Top 5 Things to Consider When Choosing the Right Trucking Company
Venturing into the wild and wonderful world of trucking brings a myriad of questions including, “How do I know if this is the right company for me?” With so many points to ponder, it’s easy to get lost in the early stages, become overwhelmed, and find yourself unsure which company to run with. On the other side of the equation are drivers who take the first job with the first company…and spend the next few years complaining about their company and the entire industry.
So, to avoid becoming a miserable trucker that leaks toxicity on everyone they meet, let’s take a look at 5 things to consider when choosing a trucking company. (Hint: It’s more than money)
Understandably, this usually tops the list, but it’s just one factor. Most drivers (OTR anyways) are paid by the mile. While higher mileage rates are desirable, they aren’t the best option when the lanes are shorter and can’t provide the income you desire. Look for companies with dedicated lanes, fair rates, and regular pay. You’ll always hear about the companies that pay $100,000 a year, but know that there are always conditions, and most times they can’t be met. But you can expect a good income for the hard work that you do.
Sign-on bonuses are not always as good as they seem. Naturally, conditions apply, otherwise, drivers would simply hop from one company to the next and freight would stand still. Understand that sign-on bonuses are often paid over a period of months and have a length-of-service requirement. For example, to claim that $1200 bonus you will need to stay on with a company for at least one year and you will receive an extra $100 each month for the first year. It might not be worth it. While money is great and is the typical draw for drivers, let’s look at few other considerations.
Most drivers savor the peace and quiet of solitary life. They don’t want to spend their time in an office cubicle where everyone wanders in to chat about their own mundane lives, keeping you from getting your tasks completed.
But when you find yourself with questions or problems on the road you need to talk to someone. Learn how roadside breakdowns or tire blowouts are managed. Ask about the availability of dispatchers and how to reach them after traditional office hours. Are they responsive to emails, texts, and phone calls? Can they be reached directly? No driver wants to encounter problems and find themselves stuck for hours because “the person you have reached is currently unavailable.”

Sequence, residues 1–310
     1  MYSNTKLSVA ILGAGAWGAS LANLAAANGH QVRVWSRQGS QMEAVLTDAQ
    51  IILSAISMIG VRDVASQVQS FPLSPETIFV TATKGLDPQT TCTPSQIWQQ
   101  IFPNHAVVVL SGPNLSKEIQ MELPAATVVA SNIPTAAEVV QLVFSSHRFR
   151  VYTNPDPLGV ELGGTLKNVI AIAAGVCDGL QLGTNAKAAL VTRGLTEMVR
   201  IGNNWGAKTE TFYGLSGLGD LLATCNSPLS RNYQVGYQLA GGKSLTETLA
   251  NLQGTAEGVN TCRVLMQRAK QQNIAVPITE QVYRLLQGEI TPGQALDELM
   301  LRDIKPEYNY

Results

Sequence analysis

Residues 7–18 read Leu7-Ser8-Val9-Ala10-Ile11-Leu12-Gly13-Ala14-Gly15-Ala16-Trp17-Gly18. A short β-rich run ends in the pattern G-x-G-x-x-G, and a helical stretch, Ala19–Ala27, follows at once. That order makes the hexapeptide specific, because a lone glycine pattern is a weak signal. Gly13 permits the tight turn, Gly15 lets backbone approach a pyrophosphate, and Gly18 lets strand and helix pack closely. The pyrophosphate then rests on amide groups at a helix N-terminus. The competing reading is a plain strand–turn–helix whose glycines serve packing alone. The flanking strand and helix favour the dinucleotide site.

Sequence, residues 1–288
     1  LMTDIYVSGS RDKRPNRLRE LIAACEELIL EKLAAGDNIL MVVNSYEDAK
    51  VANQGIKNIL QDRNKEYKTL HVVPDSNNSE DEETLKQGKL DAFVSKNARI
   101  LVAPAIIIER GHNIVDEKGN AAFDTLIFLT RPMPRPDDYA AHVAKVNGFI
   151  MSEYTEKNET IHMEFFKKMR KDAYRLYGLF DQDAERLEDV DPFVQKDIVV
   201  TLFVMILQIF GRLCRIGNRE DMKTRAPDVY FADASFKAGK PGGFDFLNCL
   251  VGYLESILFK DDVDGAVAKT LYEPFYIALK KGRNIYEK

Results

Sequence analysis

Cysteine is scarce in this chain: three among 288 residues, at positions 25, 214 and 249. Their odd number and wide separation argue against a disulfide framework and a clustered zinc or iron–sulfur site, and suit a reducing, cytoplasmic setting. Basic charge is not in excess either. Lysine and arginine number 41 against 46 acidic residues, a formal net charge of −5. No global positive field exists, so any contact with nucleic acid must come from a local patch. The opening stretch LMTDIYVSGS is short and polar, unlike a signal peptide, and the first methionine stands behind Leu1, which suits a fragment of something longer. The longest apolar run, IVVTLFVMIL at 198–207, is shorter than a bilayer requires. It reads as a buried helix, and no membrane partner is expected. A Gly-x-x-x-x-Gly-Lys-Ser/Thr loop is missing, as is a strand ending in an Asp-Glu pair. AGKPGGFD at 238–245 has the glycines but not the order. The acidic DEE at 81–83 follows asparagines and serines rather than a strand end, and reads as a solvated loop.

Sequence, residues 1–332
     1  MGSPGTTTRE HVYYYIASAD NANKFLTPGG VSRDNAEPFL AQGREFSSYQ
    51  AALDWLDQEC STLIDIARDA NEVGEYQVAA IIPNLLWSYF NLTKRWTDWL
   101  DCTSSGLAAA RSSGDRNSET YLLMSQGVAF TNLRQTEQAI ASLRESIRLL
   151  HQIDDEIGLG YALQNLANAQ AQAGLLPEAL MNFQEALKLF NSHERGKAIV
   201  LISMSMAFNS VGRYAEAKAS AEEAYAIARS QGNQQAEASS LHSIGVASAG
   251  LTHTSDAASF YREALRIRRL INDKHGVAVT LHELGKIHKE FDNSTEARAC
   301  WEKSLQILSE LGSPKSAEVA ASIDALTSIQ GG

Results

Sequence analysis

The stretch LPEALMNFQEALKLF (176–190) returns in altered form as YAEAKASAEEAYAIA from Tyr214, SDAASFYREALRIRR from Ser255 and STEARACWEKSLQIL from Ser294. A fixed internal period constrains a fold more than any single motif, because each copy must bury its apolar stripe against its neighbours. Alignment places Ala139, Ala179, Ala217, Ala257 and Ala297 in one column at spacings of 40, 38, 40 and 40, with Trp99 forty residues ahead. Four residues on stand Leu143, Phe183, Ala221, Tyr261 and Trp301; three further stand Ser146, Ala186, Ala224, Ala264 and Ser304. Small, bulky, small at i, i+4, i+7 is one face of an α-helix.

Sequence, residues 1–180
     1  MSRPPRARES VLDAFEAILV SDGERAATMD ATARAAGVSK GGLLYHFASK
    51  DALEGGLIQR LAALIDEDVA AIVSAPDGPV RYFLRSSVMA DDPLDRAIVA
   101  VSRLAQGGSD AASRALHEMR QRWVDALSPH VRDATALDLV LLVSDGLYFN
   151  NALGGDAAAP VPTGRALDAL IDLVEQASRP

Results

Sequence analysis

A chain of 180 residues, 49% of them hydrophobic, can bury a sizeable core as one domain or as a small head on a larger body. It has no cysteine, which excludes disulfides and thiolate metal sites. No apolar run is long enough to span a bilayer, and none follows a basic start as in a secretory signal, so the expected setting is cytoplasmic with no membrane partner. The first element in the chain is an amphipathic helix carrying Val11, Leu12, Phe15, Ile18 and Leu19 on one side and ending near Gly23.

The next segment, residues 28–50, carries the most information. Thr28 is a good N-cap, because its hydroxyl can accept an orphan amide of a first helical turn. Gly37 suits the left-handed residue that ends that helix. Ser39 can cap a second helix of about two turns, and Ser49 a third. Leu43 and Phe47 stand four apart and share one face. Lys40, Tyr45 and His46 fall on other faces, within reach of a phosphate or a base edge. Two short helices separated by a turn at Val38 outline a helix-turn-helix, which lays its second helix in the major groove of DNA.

Being alone on the road is different than being lonely on the road. Whether you bring along a friend or loved one for an occasional run or you want to hit road long term with your significant other, ask about the company policy on companions. Some companies will gladly accommodate, while others, citing insurance liability, demand only the driver be present in the truck.
Another consideration is having a pet in the truck. Many drivers travel the highways with a dog or a cat as their jumpseat companion. I’ve even seen birds and iguanas. Again, some companies offer great flexibility, while others opt to keep their company trucks pet-free.
When I first entered the trucking world, I had an interview scheduled with a local company that had great trucks. I checked them out online and learned as much as I could. When I sat down for my interview, I mentioned that I read their values that included “family-oriented” and “honest.” I asked how they lived out their values and as we talked, it became clear that this company didn’t just talk and those weren’t just buzzwords on the website. They knew their values and how to show them. Don’t get trapped in a company that doesn’t know how to live out their values.
Low Turnover Rates
Annual turnover rates vary from 12% to 90% depending on the carrier type. If you see a company that has a stable roster of drivers you can anticipate that the company is better managed and treats their drivers well. Generally speaking, smaller companies have a higher retention rate than larger companies, largely thanks to the familiarity amongst the employees and management, so don’t be too quick to rule out the small carriers.
When I kicked off my career in trucking I spoke with a recruiter at a mega-carrier who advised that, in addition to a lower mileage rate that I wasn’t prepared to accept, I would spend my resets on the road and I could expect to be home once every 4-6 weeks. I ended up working with that smaller company, the one with values, that had me on the road Tuesday morning until Saturday, and home each week. For me, this worked well. Others are content to live life on the road for weeks at a time.
Without exception, trucking changes your personal life, regardless of the type of driving you choose. It’s up to you to find the fit that works best with your lifestyle. Know what you are looking for, what you are prepared to accept, and walk away when you need to walk away.